It’s the part of the business world I really couldn’t tolerate.

“Creativity requires the courage to let go of certainties.”
― Erich Fromm, Psychotherapist

Creative expression is everywhere. I don’t think we can avoid it — to be honest, no one can. It’s in everything thing we do in one form or another, and everyone gives it expression whether we think we are creative or not.

It’s just that most of us follow someone else’s plan. That’s what school teaches, or rather conditions, kids to do — follow the creative pattern of some else’s design. “Here’s how things work kids, and if you want to be successful, wealthy and a valuable member of society, follow these rules”.

That said, school also benefits creativity. I loved art classes, for example. We used to have double art on Fridays, and out of all my classes, this was the one I enjoyed most. I don’t know if the other kids were as enthusiastic about art as I was, all I remember was that it was a chance not to be doing maths and other boring subjects.

Or was it that the teachers were boring?

But the system doesn’t work out well, arguably, for most. Most of us are functional in the system as far as most measures of wellbeing report. But beneath, there seems to be a disturbance that lasts a lifetime. It’s an impeded urge to create, and what stops it is fear — fear of falling out of favour, of being cast out of the safety of the fold and of being a failure.

It takes courage to step outside the safe boundary.

The momentum of the world is strong, and if we’re not vigilant, we can be sucked into the madness without even being aware of it. The result is a feeling of emptiness, dissatisfaction and unfulfillment. Money and status might be there, but it’s not enough. Money might not be there, but the problem is the same one.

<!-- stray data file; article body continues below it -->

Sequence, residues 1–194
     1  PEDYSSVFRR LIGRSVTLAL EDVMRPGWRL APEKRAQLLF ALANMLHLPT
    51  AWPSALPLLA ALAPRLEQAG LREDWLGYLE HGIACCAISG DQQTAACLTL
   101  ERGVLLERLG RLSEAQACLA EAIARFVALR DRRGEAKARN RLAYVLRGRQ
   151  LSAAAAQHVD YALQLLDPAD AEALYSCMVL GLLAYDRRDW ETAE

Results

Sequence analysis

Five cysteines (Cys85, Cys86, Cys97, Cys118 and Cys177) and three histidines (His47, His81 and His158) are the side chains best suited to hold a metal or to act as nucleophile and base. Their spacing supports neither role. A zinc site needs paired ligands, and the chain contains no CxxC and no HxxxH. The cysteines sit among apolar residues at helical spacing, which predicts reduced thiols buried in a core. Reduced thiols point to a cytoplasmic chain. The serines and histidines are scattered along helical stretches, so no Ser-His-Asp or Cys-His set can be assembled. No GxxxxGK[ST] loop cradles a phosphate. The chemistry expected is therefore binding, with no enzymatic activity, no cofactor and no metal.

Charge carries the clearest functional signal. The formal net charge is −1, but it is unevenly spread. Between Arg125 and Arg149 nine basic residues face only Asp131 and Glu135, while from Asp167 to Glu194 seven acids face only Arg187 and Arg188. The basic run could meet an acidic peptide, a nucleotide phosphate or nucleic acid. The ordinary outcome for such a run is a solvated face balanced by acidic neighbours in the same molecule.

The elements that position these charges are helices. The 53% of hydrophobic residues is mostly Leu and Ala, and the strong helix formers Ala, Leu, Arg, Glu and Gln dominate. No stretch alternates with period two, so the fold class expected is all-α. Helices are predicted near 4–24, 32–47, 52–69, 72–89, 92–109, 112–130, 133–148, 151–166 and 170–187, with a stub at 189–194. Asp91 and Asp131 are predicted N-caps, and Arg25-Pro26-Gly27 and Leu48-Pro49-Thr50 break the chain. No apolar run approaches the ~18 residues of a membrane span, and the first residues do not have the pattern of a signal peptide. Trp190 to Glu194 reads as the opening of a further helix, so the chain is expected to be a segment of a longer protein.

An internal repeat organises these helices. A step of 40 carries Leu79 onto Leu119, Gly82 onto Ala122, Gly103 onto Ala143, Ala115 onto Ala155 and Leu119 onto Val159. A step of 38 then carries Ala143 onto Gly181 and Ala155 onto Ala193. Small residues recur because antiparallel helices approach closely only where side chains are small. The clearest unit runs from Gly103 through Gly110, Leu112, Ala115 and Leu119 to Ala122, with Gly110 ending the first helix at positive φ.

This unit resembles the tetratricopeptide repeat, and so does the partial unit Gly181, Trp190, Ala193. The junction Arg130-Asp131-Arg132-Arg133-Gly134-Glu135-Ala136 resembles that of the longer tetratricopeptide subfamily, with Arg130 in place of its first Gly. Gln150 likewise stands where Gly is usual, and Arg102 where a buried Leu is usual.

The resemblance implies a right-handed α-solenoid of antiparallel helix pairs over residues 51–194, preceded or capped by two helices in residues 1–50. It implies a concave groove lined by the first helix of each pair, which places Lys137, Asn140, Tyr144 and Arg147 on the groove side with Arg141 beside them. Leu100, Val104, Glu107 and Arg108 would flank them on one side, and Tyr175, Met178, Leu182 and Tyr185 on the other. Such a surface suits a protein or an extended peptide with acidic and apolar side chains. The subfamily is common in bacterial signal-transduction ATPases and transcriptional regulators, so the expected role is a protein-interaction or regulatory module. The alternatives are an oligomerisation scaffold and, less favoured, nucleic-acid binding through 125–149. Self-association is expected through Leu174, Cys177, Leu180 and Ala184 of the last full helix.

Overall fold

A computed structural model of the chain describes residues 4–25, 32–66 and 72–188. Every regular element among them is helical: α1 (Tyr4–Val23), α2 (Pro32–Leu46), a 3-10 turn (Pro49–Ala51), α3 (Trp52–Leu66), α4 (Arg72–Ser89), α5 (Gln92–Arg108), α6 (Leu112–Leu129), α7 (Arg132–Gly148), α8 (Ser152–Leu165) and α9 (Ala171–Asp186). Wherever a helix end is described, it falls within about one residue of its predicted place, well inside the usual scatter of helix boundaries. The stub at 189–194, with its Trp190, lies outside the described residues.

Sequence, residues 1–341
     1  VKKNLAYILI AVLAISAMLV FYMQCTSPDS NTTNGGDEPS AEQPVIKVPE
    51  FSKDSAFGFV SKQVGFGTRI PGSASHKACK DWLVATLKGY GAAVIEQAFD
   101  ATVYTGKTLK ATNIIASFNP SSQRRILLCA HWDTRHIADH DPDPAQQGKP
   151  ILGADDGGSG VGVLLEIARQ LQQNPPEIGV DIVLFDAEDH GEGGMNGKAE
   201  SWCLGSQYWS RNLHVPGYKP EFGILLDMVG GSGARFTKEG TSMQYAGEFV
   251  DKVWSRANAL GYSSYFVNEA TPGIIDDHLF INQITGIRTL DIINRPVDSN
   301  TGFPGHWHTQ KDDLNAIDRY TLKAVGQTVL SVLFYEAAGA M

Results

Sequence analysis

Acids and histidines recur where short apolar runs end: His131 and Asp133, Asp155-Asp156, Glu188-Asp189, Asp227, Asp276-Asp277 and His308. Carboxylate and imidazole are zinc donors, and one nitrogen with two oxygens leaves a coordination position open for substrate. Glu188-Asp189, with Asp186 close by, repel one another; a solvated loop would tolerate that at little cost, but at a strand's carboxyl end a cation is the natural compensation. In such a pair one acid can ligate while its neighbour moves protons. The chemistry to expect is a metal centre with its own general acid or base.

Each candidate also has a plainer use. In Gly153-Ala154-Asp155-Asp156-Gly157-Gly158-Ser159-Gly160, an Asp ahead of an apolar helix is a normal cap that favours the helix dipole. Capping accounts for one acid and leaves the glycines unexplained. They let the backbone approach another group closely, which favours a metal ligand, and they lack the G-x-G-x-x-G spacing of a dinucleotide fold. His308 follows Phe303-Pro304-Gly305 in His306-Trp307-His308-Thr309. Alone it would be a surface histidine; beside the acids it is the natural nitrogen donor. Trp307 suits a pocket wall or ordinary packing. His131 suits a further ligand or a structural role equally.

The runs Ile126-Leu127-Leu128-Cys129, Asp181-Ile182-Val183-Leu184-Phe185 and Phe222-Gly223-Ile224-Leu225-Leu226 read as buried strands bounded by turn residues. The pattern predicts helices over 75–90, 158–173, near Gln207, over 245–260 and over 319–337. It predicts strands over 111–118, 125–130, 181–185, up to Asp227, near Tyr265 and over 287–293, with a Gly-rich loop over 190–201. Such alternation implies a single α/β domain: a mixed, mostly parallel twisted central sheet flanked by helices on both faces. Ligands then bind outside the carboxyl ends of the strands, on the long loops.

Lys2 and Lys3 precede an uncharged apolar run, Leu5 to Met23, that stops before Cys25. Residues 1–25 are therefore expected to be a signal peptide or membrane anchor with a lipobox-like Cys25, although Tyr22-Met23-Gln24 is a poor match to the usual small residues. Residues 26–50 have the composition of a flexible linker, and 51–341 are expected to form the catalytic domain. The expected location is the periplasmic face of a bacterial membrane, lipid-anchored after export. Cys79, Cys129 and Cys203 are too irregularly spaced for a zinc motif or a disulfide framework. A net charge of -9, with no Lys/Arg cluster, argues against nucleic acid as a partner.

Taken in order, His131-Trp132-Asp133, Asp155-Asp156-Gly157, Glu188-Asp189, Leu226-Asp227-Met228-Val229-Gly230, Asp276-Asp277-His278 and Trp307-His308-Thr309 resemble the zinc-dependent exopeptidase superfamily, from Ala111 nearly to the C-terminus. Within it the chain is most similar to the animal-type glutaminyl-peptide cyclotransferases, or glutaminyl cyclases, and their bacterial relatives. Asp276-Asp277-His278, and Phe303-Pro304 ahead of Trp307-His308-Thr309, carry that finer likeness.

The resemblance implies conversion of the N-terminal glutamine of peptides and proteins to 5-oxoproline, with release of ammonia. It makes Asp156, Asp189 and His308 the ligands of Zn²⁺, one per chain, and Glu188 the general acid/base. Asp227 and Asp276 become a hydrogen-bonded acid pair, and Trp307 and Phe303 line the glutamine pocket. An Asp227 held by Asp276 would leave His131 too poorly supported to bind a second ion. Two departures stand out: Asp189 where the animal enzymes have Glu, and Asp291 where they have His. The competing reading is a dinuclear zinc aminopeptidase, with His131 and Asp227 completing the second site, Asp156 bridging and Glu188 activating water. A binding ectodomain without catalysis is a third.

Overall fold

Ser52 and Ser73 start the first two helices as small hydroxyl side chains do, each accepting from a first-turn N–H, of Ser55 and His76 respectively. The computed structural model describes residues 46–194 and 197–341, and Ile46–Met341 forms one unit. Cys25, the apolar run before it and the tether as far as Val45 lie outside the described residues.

We’ve lost our ability or willingness to create for the sake of it.

I realise that we all must make a living; after all, this is how we’ve built the system. But we’ve got to keep something the reason for doing which is that it makes us smile.

That’s how it was when we were kids. Concepts of being productive were alien to us then. Our personal value was not hinged to the number of hours spent making Lego spaceships — we made them for the sake of it. As such, hours passed and we didn’t even notice it.

Somehow we’ve got to hold onto this idea as we get older, take it into our work or even our hobbies. Daily activity doesn’t need to be productive to benefit us, and unless we accept this, we’ll continue to struggle.

The creative process is there waiting for us to immerse ourselves in something for its own sake. Writing, art, gardening, electronics, drawing, woodwork, building walls or doing tax returns (although I can’t imagine having fun doing tax returns), they can all be the route.

We just need to make time to allow it in our lives.

Thanks for taking the time to read my stuff. Every morning you’ll find me sharing a new thought on life, art, work, creativity, the self and the nature of reality on The Reflectionist. I also write on The Creative Mind. If you like what I’m creating, join my email list to receive the weekly Sunday Letters